Friday, September 2, 2016
Clearwater County Fair: The pedestrian’s revenge
By Andrea Dell
One year, while walking home from the fair, I encountered a chalk drawing of a human outline, in the street.
It was in the middle of a crosswalk beside the old Orofino Junior High—the intersection next to First Christian Church. It looked like the type of outline drawing crime scene investigators make around a murder victim’s corpse.
My first thought was a little evil: An Orofino pedestrian bites the dust.
Obviously no one died there, or any such thing. No doubt it was drawn by someone having a little fun.
Still, being a pedestrian in Orofino isn’t easy.
Clearwater County’s Fair and Lumberjack Days weekend is the one time of year when pedestrians rule the streets in downtown Orofino. You can step casually off the curb and know you aren’t in danger of being run over, because everyone else is doing the same thing.
Normally, this is not the case.
Like me, you’ve probably been to communities where cars will basically slam on their brakes to stop for you.
In Orofino, you don’t often see such a thing from motorists. To be fair, when you attempt to cross the street, it doesn’t usually take more than a few seconds before someone will stop for you.
Even so, most pedestrians know to be extra wary if there is any traffic when they’re trying to cross the street.
Often, a couple of drivers in either direction will breeze on by as you stand there waiting. It’s hard to say if they weren’t paying attention, or simply didn’t want to spare that three to five seconds it would take you to cross their lane.
Sometimes, a driver will speed up when they see you. Perhaps they think they’ll be out of your way faster if they hurry, plus they won’t have to stop. Everybody wins!
When you’re the driver, and perfectly willing to stop for pedestrians, it’s tricky for you, too. Cars behind you may not notice a pedestrian even if you do. Do you try to stop, and risk getting rear-ended, or do you cruise on by, leaving the pedestrian to wait on someone more curteous?
The larger issue for drivers is figuring out what the heck a pedestrian is trying to do.
Because pedestrians here are conditioned to be extra wary of traffic, the way we handle that wariness is fairly confusing to motorists.
For example, one species of Orofino pedestrian you’ll notice is the timid lurker. You’ll find them hovering shyly on the sidewalk, a body length from the edge of the curb.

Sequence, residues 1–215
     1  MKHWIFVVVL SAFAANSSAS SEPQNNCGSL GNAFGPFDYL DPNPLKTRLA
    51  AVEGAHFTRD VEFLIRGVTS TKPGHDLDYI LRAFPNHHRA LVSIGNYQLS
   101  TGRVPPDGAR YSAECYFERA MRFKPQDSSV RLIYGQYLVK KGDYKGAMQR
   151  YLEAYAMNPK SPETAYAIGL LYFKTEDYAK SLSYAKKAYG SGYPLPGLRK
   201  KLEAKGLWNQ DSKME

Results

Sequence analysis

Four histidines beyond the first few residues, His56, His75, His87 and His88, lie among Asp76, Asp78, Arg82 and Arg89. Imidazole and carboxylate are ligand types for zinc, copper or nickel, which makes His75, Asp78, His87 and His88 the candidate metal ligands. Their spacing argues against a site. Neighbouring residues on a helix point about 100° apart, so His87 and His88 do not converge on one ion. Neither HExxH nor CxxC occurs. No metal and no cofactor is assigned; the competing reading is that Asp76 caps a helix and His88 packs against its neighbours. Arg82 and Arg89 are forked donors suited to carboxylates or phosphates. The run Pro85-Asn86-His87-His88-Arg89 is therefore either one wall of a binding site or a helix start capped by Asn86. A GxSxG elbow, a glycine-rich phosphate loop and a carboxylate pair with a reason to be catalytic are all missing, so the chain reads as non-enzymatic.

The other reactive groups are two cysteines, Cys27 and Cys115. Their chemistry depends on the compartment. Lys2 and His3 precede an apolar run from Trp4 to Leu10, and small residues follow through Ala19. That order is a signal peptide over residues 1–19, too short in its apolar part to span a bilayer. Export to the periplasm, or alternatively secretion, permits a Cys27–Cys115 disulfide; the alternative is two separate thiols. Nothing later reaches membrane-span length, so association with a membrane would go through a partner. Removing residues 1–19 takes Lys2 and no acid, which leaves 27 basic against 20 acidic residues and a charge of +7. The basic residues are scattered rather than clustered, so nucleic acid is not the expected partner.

They’ll be tentatively glancing back and forth, hoping the traffic will clear, or at least figure out what they’re wanting and slow down.
Maybe they’re even rocking back and forth a bit, the way you do when you need to use the restroom pretty badly. It’s difficult to tell that they even want to cross the street.
When they do cross, they break into a fast walk, or even a jog, as if they feel it’s only a matter of seconds before the vehicle that finally slowed down for them decides to floor it and mow them down.
Another type of Orofino pedestrian is the one a driver does see, and does stop for, because they are standing at the edge of the curb, clearly waiting.
In this case, instead of crossing, they wave the driver on by. Do they not want to cross after all? Or, do they want to be free and clear of all traffic before they cross, so they can take their time? Perhaps they’re just being courteous.
The only way to know is to glance in your rearview mirror after you’ve driven past. Sometimes they’ll be right where they were, leaving you to wonder why they’re just standing there.
More likely, you’ll see them step into the street and cross, or waving on some other vehicle that showed up.
During the Clearwater County Fair, this timid pedestrian business doesn’t exist, particularly on Main Street (only a block from where the fair is set up).
Pedestrians march boldly into the street whenever and wherever they please, sparing barely a glance at any motorists who try and brave downtown Orofino.
Sometimes droves of pedestrians pass in one giant pack. Other times, there are just a couple of people, or small groups, spaced just far enough apart that cars can’t simply speed by without running over someone.
If you’ve never noticed it before, or never thought about it, take a minute to check it out at this year’s fair.
And, enjoy it while you can—once things wrap up on Fair Sunday, you’ll be back at the bottom of the food chain, Orofino pedestrian!